Past management of our island’s natural resources has not been carried out in a way that has been mindful of Moriori aspirations and tikane (cultural protocols and obligations). This has resulted in a disjunct in the way that sacred places have been cared for. Since starting the IPinCH project this separation has been less pronounced, less problematic. One example of this has been the management of a sacred grove of rakau momori (carved living trees), unique to Moriori. The grove has been managed as an ecological remnant locked within a fenced reserve but it needs to be managed as if were a garden within a sacred compound. Our approach has been to bring Moriori values to the problem, addressing our concerns in an inclusive manner through the creation of a wider advisory team. This challenge has arisen largely because of the limited knowledge of Moriori heritage, cultural landscapes, language, and so on, in the modern generation of Moriori. The relative silence of Moriori voices and our cultural authority has also been a challenge. This project is helping to restore Moriori names and Moriori control over signage, interpretation and management planning.
What we have found is that this research process has highlighted the importance of hope. Moriori ancestors gave their lives to stand for their beliefs. Their commitment to their peace covenant is a beacon of hope for all of us. The case study research has given us hope too in other ways—hope that our trees and living tree carvings can be saved; and hope that the process of engagement and collective decision-making is the best course of action.
IP in Cultural Heritage Insights
We have often reflected on whether to protect or control certain information from our case study. The consensus has been that when a culture has been in crisis and when valuable knowledge is in the heads and hands of only a few the imperative to share is greater. This seems to us to be a vital point to stress in a project on intellectual property in cultural heritage. In times when culture is thriving, the knowledge holders can select those to hand it on, and when and how. In situations like the one we are in—where Moriori history, cultural practices, and language have not been handed down since the 1830s except through archives and memories of those few whose grandparents and great grandparents kept the knowledge fires glimmering—open sharing and active teaching is essential. We have seen similar imperatives with our Hopi friends who have initiated inspiring projects to teach their youth. We have found that the most useful and durable solutions for protecting our own IP are active engagement in revitalising culture and retention of control over what is shared and with whom. We have also found that, by being engaged in research as collaborative partners, we enhance opportunities for control.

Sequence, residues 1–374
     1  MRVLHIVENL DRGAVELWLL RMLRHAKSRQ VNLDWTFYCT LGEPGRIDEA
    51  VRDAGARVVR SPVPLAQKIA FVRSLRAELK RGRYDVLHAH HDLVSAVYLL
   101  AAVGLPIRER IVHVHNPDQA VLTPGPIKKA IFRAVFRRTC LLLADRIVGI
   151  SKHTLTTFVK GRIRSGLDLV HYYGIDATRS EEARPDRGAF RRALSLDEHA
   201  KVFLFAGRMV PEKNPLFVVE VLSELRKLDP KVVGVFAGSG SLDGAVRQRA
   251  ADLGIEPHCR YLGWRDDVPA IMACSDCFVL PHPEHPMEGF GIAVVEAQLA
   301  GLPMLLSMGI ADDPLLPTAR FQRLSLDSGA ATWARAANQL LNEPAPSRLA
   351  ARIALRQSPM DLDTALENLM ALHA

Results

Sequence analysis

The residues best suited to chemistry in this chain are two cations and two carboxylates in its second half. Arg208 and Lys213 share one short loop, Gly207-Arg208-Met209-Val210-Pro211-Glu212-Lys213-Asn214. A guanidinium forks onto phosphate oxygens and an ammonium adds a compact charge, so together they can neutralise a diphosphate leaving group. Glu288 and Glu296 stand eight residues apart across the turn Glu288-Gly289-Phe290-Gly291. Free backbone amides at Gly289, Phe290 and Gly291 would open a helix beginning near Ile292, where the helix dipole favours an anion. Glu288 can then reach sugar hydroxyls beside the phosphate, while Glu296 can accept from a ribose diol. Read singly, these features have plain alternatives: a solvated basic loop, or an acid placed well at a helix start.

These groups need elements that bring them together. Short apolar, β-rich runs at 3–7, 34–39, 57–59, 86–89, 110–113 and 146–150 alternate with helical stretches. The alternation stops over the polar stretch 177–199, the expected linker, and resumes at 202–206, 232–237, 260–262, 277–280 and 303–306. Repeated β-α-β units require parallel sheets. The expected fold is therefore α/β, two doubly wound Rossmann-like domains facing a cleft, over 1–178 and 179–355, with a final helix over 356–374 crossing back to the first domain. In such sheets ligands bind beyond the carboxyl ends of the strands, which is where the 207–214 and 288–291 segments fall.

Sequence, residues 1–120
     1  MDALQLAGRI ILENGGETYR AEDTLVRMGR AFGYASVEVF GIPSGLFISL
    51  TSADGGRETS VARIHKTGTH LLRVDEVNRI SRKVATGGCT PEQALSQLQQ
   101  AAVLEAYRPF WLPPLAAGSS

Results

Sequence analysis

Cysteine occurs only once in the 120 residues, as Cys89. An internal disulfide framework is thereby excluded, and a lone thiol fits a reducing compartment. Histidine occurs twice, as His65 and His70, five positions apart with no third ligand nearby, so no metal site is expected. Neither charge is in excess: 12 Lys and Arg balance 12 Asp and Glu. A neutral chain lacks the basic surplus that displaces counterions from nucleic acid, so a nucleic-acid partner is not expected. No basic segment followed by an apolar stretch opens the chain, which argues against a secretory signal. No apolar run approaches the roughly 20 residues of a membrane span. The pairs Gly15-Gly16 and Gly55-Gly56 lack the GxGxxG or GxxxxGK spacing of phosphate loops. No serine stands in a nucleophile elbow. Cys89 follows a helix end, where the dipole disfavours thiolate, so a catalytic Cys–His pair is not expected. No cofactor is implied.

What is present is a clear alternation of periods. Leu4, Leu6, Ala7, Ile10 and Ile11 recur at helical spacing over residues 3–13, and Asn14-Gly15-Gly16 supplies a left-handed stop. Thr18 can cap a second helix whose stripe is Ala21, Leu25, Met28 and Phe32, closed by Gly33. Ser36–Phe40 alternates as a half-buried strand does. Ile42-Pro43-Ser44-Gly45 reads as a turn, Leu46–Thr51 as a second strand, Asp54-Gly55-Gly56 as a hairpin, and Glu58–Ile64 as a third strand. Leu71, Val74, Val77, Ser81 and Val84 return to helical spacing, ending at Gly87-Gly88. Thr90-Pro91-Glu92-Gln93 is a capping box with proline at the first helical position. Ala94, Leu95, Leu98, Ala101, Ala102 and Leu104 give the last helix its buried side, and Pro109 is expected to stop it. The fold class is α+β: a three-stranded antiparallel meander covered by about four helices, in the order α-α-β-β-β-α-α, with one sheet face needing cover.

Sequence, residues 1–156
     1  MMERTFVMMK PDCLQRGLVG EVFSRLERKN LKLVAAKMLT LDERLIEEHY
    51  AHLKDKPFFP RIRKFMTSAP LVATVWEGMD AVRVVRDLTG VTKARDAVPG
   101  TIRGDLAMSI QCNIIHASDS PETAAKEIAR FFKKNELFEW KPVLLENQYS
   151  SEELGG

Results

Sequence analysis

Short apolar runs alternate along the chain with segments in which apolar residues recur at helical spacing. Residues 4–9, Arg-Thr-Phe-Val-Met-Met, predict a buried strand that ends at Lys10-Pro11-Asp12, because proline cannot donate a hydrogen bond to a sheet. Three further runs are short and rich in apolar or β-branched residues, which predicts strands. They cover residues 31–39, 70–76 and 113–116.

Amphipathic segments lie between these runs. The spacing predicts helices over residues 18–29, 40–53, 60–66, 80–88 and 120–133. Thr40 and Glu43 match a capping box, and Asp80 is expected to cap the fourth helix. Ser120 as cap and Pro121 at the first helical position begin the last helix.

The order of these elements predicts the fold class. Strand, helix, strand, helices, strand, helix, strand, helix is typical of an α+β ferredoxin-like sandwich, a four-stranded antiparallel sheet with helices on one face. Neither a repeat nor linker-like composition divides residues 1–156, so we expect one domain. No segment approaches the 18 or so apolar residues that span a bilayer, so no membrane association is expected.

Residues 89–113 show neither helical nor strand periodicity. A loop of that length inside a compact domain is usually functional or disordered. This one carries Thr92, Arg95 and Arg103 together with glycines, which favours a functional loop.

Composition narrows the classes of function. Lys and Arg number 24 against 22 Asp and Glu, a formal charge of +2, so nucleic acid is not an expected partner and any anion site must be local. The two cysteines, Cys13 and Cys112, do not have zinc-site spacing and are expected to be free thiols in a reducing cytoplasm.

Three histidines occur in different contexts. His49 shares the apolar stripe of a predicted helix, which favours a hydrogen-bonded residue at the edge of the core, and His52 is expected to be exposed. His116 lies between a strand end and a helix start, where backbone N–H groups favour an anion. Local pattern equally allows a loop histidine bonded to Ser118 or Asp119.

What resources, guidelines, or tools created by the project are available?
- Ethical protocols and guidelines;
- Moriori People of the Land exhibition book;
- Customary fisheries interviews and report;
- Laser scans of rakau momori and digital images of all photographs of the living tree carvings;
- Me Rongo Congress Proceedings and Me Rongo Declaration;
- Taonga recording publication;
- Waipaua – archaeological survey and community management plan.
Who participated in this initiative?
Consistent participants were the co-developers, Susan Thorpe and Maui Solomon, and elder Tom Lanauze. For the 2010 workshops they were joined by youth participants from the island and New Zealand. Other participants are the many collaborative partners and associates, such as the TKRP team, Otago University, writer Tina Makereti, DNA researcher Robin Atherton, and those involved in the rakau momori project and the Me Rongo Congress, as well as our Hopi, Niue, and Kanaka Maoli colleagues.
Photos at top: Moriori descendant, Nicole Whaitiri with a rakau momori (living tree carving) on Rekohu (photo: R. Giblin, courtesy of the Hokotehi Moriori Trust); the database team with trainee students at Te Whaanga lagoon; scanning at Manukau urupa.